By Brandice Alexander
Many people turn to alcohol as a way of coping with redundancy
There's a warning more people are turning to alcohol because of job cuts around the UK.
The charity Drinkaware says one in 10 people knows someone who's drinking more after being made redundant.
James, 30, worked in IT for six years before he was laid off just before Christmas and now has a lot of free time on his hands.
He tried to stay focused on job hunting but after getting lots of rejections through the post, got fed up.
He said: "My bubble was burst. I was out of my comfort zone and asking myself, 'Why me? What did I do to get made redundant?'"
He started to get depressed over the number of rejections he was getting.
The more time he had on his hands, the more he says he started to drink because there was nothing else to do.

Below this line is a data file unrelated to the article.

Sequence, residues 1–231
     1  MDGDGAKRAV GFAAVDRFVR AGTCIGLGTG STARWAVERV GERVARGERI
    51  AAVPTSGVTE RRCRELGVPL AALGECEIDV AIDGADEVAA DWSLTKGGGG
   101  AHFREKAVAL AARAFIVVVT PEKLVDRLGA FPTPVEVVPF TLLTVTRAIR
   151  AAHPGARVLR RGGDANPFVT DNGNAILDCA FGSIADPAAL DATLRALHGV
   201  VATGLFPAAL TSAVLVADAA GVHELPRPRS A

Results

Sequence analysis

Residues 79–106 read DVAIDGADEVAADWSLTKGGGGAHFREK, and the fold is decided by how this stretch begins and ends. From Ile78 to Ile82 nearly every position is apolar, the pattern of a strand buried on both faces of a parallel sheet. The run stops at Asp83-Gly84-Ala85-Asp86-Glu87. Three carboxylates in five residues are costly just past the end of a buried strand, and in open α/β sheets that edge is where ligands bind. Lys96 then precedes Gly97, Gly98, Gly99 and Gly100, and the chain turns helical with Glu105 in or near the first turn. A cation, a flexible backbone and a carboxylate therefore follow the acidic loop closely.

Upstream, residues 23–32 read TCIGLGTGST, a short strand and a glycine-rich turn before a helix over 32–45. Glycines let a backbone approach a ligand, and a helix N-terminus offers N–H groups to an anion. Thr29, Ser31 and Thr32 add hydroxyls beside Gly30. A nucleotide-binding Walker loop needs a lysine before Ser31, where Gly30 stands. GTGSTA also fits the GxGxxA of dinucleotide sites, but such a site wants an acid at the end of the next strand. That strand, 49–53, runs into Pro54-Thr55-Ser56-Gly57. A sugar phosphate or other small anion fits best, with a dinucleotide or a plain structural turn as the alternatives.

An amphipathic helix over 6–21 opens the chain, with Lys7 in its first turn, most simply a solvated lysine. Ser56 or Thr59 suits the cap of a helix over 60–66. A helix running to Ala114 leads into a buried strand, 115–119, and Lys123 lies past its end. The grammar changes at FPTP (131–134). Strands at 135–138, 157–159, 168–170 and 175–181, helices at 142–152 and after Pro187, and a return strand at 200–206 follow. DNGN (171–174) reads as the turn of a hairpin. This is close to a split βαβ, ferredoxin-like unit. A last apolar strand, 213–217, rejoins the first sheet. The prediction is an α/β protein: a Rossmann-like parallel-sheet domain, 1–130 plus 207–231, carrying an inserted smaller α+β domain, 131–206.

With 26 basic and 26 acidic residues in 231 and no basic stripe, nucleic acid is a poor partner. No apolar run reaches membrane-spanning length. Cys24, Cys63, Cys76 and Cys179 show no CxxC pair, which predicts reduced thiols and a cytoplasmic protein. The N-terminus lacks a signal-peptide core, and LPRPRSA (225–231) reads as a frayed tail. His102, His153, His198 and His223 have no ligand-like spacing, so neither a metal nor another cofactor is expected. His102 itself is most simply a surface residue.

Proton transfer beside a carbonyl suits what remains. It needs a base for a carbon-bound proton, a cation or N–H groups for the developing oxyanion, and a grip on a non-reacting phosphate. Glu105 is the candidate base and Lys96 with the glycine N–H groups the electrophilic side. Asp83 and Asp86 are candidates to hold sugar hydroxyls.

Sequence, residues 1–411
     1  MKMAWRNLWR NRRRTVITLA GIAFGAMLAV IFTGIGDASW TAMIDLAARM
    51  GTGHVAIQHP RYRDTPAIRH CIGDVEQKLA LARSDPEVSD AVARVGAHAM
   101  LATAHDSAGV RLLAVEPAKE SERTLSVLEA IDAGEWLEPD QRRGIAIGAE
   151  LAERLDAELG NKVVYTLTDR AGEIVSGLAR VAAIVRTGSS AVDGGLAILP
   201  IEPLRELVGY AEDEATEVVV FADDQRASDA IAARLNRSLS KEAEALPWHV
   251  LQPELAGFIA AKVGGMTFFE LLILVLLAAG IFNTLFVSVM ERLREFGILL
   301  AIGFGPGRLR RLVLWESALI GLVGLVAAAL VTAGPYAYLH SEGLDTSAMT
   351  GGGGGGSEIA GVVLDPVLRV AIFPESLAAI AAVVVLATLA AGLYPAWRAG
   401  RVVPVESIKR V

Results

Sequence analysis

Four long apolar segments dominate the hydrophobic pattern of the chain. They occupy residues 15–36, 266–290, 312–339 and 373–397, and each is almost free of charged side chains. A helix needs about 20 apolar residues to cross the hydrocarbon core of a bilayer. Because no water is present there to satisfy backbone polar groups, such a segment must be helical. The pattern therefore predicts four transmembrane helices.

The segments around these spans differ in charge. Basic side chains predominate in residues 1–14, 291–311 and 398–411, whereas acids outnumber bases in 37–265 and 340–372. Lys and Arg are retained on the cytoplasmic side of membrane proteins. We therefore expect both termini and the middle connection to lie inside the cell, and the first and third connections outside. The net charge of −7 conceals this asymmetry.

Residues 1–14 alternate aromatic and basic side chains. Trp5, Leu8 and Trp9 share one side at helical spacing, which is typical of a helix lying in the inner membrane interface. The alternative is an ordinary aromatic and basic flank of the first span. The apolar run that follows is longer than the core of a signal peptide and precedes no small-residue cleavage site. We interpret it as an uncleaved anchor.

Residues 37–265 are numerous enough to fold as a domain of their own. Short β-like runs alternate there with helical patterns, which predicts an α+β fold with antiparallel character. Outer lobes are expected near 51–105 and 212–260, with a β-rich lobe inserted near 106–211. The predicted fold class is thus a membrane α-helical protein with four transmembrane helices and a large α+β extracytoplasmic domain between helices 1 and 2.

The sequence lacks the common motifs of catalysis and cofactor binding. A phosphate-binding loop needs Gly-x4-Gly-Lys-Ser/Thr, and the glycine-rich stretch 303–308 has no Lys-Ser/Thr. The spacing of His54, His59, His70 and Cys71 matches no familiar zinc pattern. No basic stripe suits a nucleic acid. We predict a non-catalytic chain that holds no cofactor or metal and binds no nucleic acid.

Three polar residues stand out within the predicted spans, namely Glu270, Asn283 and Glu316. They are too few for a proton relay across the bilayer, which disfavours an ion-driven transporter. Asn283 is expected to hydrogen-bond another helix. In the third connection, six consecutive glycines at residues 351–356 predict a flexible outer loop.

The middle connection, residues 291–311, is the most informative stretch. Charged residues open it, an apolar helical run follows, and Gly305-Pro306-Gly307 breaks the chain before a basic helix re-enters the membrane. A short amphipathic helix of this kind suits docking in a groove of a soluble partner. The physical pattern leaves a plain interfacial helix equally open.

James never had problems with drink before he was made redundant but the sudden change in his life, quickly changed his drinking pattern.
He says he knew something wasn't right when he started thinking about drinking cider for breakfast.
James would drink during the day and then meet his mates and ex-colleagues in the bar after they finished work. Before he knew it he'd clocked up a lot of units.
His friend advised him to not have a drink before 4pm, once he'd filled out application forms. Finally James got a job and his heavy boozing eased.
"I had to stop," he said. "You can't turn up to work with a hangover can you?"
James isn't alone. Official statistics show 2,681 people lose their job every day in the UK.
Drinkaware say out of the 2,253 unemployed adults they surveyed, two thirds of them blamed their heavy boozing on their redundancy.
Chris Sorek, CEO of Drinkaware, said: "The country is facing one of its worst recessions in history and redundancies are making daily headlines.
"Losing your job is recognised as one of the top 10 most stressful life events, and many people are turning to alcohol as a coping mechanism.
"But alcohol is a depressant and can lead to further stress and anxiety, which can make the effects of redundancy much worse."